In reply to a specific question, the second statement mentions three poems (all appearing in 2015 in Upenders, a web journal) as examples of the socially responsible or at least conscientious use of language. “Spring Steel Trap,” the first of these, is a relatively recent poem triggered by a specific external event: a trapper wrote, for the local newspaper, a letter claiming that trapping is a “compassionate” activity, that trappers love animals, and that traps are designed for the “comfort” of the animal. Although these absurdities deserved a fact-based reply (and no other would make sense to the letter writer), they also sparked an imaginative response, one that substitutes lyric drama for polemic:

Spring Steel Trap

Midwinter. The gnawed carcass
of a woodchuck, out of season,
lies before a bedrock extrusion
where a gray fox has denned. I note
the location, and on my snowshoes
pivot back toward the village
where I’ll settle over latte
and an arrogant new novel
by someone I’d hate to meet.
The woods sigh and sough and even
sob a little as the wind picks up.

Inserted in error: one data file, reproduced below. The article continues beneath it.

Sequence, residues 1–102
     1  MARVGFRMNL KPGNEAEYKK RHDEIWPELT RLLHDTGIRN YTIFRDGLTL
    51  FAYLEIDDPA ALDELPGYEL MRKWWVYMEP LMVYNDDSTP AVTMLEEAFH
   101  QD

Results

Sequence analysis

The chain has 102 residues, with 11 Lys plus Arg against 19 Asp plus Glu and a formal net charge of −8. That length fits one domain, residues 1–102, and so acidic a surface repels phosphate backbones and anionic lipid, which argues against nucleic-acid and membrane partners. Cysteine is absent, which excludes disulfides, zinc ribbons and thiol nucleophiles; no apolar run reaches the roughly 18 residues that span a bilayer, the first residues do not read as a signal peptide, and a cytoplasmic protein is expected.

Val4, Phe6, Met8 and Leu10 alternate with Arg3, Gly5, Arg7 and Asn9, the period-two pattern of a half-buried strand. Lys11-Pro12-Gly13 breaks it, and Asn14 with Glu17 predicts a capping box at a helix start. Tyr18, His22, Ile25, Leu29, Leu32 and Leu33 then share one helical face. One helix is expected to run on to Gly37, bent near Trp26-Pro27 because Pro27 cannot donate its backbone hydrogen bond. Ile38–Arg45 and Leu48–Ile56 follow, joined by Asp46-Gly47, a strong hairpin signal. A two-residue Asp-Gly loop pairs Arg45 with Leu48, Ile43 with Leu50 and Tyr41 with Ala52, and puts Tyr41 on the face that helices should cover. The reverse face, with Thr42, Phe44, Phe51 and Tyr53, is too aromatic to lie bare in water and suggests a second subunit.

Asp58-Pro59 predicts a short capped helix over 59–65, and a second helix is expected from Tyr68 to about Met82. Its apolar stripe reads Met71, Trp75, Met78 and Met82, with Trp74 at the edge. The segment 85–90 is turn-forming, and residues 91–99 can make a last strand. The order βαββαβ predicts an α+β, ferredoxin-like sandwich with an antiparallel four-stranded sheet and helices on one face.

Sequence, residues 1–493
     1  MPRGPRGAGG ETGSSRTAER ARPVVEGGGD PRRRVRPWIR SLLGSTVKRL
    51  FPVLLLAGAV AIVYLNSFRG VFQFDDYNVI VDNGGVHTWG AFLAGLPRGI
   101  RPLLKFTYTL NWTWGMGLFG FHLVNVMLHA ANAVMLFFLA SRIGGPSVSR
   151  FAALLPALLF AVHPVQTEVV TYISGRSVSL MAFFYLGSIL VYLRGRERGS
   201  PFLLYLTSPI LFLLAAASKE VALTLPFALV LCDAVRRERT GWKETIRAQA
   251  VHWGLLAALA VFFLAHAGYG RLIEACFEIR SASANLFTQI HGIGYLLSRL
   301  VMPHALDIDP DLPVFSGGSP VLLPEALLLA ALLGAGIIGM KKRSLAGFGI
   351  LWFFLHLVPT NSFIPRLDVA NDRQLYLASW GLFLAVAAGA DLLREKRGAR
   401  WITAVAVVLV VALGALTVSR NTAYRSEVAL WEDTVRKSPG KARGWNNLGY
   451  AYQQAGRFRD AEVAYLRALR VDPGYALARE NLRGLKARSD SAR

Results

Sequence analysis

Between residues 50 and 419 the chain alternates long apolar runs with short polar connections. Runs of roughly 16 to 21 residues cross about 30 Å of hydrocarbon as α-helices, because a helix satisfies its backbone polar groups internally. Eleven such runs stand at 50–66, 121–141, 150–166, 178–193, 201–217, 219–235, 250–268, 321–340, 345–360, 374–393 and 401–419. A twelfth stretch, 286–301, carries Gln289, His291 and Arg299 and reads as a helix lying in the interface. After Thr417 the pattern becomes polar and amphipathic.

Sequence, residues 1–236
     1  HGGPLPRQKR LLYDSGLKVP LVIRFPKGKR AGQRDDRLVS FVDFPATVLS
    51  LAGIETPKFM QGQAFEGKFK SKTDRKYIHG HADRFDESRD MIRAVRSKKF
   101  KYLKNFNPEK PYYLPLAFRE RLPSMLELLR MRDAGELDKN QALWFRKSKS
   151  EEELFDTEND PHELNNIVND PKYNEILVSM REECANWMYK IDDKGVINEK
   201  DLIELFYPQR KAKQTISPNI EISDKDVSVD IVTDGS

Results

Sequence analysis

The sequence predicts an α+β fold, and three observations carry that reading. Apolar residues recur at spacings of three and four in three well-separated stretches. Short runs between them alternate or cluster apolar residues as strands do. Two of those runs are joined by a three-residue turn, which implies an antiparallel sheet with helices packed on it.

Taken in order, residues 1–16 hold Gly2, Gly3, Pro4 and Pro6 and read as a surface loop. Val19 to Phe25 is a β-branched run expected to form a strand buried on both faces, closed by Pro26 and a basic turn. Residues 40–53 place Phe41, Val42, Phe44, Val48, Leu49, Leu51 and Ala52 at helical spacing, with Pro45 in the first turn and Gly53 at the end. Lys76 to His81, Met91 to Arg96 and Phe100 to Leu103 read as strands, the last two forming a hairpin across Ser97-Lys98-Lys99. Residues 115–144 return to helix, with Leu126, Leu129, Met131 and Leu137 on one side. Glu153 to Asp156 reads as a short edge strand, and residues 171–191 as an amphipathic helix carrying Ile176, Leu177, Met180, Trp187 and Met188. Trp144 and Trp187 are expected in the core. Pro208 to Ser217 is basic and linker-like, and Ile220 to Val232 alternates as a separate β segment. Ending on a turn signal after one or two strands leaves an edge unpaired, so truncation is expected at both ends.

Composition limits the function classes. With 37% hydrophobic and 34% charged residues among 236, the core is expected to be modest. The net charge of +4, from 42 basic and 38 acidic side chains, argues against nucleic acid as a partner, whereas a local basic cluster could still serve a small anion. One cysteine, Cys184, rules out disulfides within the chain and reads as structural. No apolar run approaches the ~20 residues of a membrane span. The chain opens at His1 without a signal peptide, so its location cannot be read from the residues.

Halfway back I find a trap
with a torn woodchuck leg in it.
The fox beat the trapper to prey,
but the human would have discarded
the woodchuck, a useless pelt.
When I thought I was a scholar
I thought poems and novels were prey.
Stooping over them with open pores
I absorbed their precious fluids
and tossed the half-gnawed carcasses
back onto the shelf. Maybe
the gray fox is saving the rest
of the woodchuck for dinner tonight.
I could hide in a copse of hemlock
and try to photograph the creature,
catch it with a flash as it snacks.
But trundling home in the dark
doesn’t tempt me, so I slog off
with senses tingling, and appeal
to the winter light to buoy me
the last mile before the shadows